Guns who have shot rabbits in cover not yet withered by frost and rain, know the gain of a cubit or so added to a man's stature; that advantage, too, has been mine—the advantage of height. An immense proportion of my life has been spent on horseback; from the saddle it page 245 has been possible to spy out the land from an elevation, not of six feet, but of eight or nine. Again, a great proportion of shepherd's work is work done in the early hours of the morning. Plants, grasses perhaps especially, then stand forth from one another with extraordinary clearness; discrimination, difficult at noon, is simple at dawn, when dew emphasises the most minute dissimilarities.

Tutira plants have been marked not for a day and never again, but year after year, each in its own self-selected spot. There has occurred the rarely vouchsafed opportunity of watching aliens on one particular bit of land, not as a stranger passing by, who views a particular species temporarily rampant, and who continues on his way with that most misleading fact stamped on his mind, but season after season.1 Thus have been watched the appearance of the pioneer plant, its rapid increase, its vast multiplication as if about to overspread the whole district, the check in its numbers, its slow diminution till perhaps a weed viewed in turn as a nuisance, menace, and actual peril, dies back to the normal, specimens appearing so rarely that instead of being cursed as a foe it is welcomed as an old friend reviving an old interest.

The annals of Tutira can be read in its weeds. Each phase in the improvement, each stage in the development of the run, has been marked by the arrival and establishment of aliens particularly fitted for the particular condition. Each of the main periods in the history of the station has produced an especial flora.

In the 'sixties, when Maoris were still in occupation of the run, its acclimatised species consisted of a grass or two, such as rye (Lolium perenne), a few purposely planted edible fruits—Cape-gooseberry (Physalis peruviana), peach and potato,—a few pot-herbs, such as mint (Nepeta cataria) and thyme ((Thymus vulgaris).

In the 'seventies stocking was attempted. That period was marked by the establishment of plants carried up in the body of man, as black-berry; in the stomachs of stock, as members of the clover family; in the wool of sheep, as Australian burr (Acœna ovina).

During the 'eighties the house and wool-shed were built and a permanent homestead established. As if by magic, there appeared those plants which seem to be almost parasites to mankind—plantain

1 I cannot but think that the great botanist Hooker may have been misled by reports of some such temporary multiplications of aliens into the fear expressed by him as to the “actual displacement and possible extinction of a portion of the native flora by the introduced.”

page 246 (Plantago major), shepherd's purse (Capsella bursa-pastoris), annual poa grass (Poa annua), chickweed (Stellaria media), groundsel (Senecio vulgaris), and others.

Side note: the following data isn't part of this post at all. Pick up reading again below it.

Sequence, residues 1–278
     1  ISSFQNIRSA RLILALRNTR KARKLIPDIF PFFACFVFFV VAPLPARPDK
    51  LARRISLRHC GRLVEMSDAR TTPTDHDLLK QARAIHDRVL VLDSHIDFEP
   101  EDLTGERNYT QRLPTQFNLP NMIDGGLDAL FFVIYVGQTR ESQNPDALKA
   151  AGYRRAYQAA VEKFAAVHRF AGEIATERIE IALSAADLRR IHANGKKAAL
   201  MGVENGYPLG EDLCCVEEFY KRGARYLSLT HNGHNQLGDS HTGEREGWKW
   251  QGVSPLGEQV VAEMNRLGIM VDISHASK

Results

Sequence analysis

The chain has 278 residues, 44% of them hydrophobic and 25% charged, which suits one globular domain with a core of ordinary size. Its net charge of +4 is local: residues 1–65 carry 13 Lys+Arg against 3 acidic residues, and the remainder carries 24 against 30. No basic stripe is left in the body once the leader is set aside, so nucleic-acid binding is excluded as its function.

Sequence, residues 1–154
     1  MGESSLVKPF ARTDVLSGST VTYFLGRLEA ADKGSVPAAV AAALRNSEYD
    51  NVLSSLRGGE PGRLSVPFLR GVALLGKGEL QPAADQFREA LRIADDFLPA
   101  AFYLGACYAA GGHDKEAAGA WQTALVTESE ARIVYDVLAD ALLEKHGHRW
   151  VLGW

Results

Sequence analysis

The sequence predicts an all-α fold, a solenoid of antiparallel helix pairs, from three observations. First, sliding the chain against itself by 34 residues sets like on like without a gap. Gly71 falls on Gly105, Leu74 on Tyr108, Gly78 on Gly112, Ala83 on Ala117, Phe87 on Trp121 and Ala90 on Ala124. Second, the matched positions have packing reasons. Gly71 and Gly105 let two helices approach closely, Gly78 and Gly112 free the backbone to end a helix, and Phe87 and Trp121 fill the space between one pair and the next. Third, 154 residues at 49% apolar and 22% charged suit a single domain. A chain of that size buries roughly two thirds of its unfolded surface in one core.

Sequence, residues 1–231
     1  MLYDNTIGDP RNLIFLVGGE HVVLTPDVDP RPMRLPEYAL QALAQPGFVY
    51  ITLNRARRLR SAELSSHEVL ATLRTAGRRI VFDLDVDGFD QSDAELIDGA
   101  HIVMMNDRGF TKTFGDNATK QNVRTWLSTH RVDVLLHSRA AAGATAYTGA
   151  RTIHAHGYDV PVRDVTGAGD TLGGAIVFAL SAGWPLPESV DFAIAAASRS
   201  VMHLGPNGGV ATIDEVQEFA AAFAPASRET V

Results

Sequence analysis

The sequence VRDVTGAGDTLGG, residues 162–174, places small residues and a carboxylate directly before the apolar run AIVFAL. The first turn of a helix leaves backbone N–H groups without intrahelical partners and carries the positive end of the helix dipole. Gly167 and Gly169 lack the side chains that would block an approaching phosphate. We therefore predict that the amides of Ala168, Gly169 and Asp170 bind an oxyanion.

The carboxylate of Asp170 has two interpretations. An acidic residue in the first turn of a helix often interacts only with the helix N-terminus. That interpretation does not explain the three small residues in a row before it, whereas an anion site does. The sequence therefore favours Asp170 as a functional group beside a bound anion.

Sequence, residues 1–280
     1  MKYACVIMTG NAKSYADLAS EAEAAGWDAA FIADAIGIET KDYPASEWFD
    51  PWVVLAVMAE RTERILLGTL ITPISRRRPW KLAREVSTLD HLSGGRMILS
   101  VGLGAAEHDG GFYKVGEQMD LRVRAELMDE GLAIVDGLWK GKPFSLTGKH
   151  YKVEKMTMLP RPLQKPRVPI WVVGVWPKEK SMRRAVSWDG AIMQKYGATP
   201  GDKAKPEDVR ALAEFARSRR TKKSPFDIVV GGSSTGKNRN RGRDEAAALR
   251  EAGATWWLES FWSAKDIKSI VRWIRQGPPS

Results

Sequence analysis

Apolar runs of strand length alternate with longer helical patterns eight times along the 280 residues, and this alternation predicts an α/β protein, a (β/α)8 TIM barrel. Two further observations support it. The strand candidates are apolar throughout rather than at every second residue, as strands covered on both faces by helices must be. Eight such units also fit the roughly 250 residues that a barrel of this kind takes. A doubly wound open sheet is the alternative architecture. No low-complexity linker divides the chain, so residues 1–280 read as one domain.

Later again, when surface-sowing commenced on a great scale, in the train of valuable fodder-plants purposely scattered abroad, numbers of weeds and inferior grasses, stowaways such as foxglove (Digitalis purpurea), vetch (Vicia sativa), hop-trefoil (Trifolium procumbens), hair-grass (Aira caryophyllea), and many more made their appearance.

When a greater degree of leisure had made possible the care of a flower-garden, there reached Tutira one by one a multitude of those plants that seem habitually to consort with their more lovely relatives—white dead-nettle (Lamium album), common fumitory (Fumaria officinalis), couch-grass (Agropyrum repens), pimpernel (Anagallis arvensis), and a host of others.

With tillage of the rich swamps round the edge of the lake appeared species that follow the plough—charlock (Brassica sinapistrum), common erodium (Erodium cicutarium), and others.



With the obtainment in 1908 of a satisfactory lease,—an event yet to be chronicled,—agricultural operations began in the long-neglected trough of the run. In order to discover what plants were likely to thrive on its dry soils, experimental plots were sown with grasses and fodder-plants of sorts other than those hitherto purchased. Themselves hailing from dry downs, deserts, and highland pastures, they too brought in their company weeds to correspond, weeds of a type quite new to Tutira. Thus with burnet, milfoil, crested dog's-tail, fescues of sorts, species of lotus, all purposely sown, arrived stow-aways such as sheep's-bit (Jasione montana), bladder campion (Silene inflata), and other upland weeds.

Nay, even such a trivial factor as the private taste of a maid for caged canaries has enriched the station by three aliens.

In 1901 the first sods of the Napier-Wairoa road were cut. As in other cases cited, the labour of man was the opportunity of plants. In large numbers aliens such as vervain (Verbena officinalis), Mayweed (Anthemis cotula), strawberry-clover (Trifolium fragiferum) and many others, reached the station by pedestrianism—on their own legs, so to speak.

page 247

I verily believe were a menagerie to be established or a musical festival ordained on Tutira, plants corresponding to these forms of human activity and ingenuity would be forthcoming. Species possessing tastes in accord with the dust of cages, heaps of mixed dung, horse-flesh, and monkey-nuts would follow the menagerie. Top-hats, violins, ground resin, old catgut, long hair, and broken piano-wire would doubtless like-wise produce its specialised flora.